Celebrating the Death of the Death Penalty

The Seattle Times reported last week that the Washington State Supreme Court has ruled unanimously to end the practice of capital punishment – the death penalty – in our state. This unanimous ruling comes after an examination of the policy and its legacy of biased and arbitrary application.

As long-standing opponents of the death penalty, the Libertarian Party of King County applauds this ruling and encourages the Legislature to finish what the Court has started.

Following efforts earlier this year to abolish the death penalty in the state Legislature, which passed the Senate and stalled in the House, concerned citizens and civil rights advocates might turn their efforts towards a bill that would mandate a life sentence for charges like aggravated murder. Although this would represent a step in the right direction, such actions do not nearly go far enough.

“Arbitrary and racially discriminatory” laws and policies abound in our state, from the arrest and conviction rates for non-violent drug offenses (like growing marijuana for personal use), to byzantine and onerous zoning laws that have created a shortage of affordable housing by increasing costs and creating administrative backlogs.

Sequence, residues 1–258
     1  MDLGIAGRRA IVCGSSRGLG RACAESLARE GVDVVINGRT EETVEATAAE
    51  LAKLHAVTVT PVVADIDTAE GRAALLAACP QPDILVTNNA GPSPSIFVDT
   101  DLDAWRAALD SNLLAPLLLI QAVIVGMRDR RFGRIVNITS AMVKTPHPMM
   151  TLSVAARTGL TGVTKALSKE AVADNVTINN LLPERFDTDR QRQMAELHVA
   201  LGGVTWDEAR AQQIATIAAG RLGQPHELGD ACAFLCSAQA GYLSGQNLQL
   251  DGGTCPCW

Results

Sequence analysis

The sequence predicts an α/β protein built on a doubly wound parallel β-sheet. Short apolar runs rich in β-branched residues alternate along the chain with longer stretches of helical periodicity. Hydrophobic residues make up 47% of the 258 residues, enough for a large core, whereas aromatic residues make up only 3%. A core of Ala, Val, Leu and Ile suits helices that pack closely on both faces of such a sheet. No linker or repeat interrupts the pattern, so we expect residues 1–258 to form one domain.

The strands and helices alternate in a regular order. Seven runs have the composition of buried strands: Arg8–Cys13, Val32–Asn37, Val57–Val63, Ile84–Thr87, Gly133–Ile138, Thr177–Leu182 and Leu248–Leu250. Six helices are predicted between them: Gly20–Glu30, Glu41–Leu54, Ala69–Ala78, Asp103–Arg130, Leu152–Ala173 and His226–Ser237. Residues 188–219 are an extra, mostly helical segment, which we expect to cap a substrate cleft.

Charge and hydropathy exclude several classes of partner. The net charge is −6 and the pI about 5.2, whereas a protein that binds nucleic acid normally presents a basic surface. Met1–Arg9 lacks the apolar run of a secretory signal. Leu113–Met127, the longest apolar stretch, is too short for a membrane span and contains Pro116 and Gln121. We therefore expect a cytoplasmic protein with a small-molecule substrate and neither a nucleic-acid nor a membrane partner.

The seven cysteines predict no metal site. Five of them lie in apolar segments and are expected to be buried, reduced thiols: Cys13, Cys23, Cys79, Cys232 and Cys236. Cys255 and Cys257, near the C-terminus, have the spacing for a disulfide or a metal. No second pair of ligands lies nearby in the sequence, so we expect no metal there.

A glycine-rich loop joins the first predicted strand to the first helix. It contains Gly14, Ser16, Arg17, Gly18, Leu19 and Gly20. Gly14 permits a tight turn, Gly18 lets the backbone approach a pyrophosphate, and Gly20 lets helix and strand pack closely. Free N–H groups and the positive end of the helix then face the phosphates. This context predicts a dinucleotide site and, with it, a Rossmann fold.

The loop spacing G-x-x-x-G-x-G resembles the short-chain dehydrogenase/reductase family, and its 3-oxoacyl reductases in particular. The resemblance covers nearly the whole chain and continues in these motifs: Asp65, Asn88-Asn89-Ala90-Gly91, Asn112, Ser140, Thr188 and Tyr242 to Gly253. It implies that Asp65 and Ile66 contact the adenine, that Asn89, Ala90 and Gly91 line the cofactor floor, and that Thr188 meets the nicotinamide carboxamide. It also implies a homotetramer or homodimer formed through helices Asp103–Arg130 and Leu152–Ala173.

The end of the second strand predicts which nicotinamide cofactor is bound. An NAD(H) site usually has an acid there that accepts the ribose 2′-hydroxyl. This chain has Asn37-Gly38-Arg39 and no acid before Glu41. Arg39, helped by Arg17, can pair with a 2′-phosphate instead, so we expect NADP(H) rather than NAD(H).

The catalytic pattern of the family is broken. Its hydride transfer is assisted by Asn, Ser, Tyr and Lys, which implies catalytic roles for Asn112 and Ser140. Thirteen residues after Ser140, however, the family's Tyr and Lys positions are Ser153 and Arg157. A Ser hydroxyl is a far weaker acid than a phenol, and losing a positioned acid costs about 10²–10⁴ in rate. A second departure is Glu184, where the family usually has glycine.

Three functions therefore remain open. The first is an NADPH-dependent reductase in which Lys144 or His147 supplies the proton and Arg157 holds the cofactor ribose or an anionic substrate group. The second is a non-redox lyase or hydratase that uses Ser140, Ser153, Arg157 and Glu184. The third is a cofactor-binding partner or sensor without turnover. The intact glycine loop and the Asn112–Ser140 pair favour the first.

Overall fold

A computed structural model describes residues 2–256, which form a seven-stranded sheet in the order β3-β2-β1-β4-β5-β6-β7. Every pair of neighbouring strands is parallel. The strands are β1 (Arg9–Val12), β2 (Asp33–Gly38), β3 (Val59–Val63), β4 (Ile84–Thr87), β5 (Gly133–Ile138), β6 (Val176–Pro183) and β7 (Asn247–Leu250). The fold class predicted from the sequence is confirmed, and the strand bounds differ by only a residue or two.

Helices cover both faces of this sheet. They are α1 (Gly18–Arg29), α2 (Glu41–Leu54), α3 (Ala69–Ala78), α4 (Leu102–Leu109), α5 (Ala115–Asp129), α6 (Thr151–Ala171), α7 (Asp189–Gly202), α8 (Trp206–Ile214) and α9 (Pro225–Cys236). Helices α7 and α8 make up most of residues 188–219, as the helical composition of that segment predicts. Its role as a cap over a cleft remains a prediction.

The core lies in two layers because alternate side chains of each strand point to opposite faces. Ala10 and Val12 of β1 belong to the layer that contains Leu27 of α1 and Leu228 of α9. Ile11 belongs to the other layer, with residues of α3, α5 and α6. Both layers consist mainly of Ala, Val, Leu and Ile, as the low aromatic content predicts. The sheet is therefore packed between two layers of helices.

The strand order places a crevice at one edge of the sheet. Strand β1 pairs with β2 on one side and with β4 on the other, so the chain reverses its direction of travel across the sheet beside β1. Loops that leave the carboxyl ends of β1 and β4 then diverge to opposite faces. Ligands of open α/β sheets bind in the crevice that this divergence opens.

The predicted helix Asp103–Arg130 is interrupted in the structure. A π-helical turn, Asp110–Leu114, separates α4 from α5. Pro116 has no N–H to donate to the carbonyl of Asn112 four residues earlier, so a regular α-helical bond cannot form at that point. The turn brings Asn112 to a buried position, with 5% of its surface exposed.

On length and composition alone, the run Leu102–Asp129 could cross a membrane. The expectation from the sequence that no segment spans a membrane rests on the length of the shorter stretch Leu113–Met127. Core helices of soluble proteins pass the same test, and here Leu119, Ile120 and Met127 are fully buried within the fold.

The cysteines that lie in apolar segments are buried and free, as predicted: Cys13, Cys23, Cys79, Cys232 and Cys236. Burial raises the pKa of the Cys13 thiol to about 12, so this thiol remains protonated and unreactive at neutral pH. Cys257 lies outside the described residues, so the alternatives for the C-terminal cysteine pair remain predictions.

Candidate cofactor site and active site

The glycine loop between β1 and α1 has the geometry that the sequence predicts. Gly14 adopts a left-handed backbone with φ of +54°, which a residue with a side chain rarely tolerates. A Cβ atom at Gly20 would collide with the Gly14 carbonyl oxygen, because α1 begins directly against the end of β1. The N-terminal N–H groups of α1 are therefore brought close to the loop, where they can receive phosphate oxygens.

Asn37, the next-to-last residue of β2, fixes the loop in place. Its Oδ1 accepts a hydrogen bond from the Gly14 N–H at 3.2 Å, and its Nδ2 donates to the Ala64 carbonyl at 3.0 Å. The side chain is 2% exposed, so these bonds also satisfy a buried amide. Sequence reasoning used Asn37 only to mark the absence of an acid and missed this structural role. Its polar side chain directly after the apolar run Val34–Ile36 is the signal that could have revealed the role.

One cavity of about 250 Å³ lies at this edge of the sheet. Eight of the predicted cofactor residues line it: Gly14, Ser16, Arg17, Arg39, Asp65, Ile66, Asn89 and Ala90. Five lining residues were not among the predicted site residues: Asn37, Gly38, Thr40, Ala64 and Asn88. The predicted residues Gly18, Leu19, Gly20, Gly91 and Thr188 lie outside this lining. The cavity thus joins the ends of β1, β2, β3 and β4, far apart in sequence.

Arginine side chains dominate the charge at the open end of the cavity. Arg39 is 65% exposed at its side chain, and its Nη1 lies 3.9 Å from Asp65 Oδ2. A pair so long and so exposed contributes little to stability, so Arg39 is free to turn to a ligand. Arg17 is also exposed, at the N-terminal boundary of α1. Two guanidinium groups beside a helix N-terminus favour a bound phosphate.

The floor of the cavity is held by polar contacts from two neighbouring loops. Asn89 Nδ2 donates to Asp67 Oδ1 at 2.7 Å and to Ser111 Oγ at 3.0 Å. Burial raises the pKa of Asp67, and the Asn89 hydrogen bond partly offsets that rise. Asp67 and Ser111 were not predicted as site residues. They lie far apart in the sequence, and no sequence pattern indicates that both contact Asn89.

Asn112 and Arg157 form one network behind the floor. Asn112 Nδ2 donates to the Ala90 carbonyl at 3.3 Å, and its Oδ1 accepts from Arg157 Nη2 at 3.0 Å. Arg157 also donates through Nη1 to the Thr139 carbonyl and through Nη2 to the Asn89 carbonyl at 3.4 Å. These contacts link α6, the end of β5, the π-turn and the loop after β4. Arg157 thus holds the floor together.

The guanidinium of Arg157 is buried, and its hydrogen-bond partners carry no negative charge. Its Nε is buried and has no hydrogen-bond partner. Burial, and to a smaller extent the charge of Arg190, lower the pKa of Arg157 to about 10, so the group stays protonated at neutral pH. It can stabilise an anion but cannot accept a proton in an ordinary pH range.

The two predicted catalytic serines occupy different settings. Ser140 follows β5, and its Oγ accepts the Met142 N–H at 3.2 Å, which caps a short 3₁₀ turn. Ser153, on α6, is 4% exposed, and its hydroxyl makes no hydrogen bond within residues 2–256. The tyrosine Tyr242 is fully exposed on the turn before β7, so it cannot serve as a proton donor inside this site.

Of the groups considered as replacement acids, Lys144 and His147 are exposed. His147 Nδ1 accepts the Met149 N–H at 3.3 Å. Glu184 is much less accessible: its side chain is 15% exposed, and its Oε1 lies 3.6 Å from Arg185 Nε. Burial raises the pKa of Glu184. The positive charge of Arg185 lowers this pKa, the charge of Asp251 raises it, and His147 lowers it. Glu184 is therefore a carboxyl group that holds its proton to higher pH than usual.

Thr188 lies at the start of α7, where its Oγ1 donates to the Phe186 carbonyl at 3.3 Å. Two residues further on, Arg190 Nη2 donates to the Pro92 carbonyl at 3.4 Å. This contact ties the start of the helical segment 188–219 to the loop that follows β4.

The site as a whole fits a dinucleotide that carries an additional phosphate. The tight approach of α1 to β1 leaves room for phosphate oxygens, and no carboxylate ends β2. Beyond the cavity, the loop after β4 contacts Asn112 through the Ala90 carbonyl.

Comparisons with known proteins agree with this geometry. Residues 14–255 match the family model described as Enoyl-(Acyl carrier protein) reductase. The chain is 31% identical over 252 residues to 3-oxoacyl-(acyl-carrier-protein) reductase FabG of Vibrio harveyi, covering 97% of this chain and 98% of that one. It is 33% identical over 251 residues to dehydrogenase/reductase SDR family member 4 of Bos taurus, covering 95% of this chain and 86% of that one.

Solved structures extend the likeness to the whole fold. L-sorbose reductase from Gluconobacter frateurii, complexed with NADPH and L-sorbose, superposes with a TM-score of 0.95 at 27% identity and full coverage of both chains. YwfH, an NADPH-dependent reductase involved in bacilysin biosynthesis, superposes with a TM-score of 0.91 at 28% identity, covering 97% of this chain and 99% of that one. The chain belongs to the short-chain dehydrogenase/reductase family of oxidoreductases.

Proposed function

It’s increasingly clear that the proliferation of laws, ordinances and regulations in our state are intended to serve campaign contributors, and that our elected officials (with few exceptions) prefer to keep the records of their interactions with those moneyed interests from public view.

While the judiciary’s power to check the errors and overreach of the other branches of government is part of the system by design, the process is costly and time-consuming, and often comes with significant complication, as the McCleary ruling demonstrated – we cannot rely on the judiciary to fix everything that’s broken.

We call on our elected officials to embrace simplicity, justice, transparency and accountability in government, and to pursue these ideals with as much fervor as they do campaign contributions.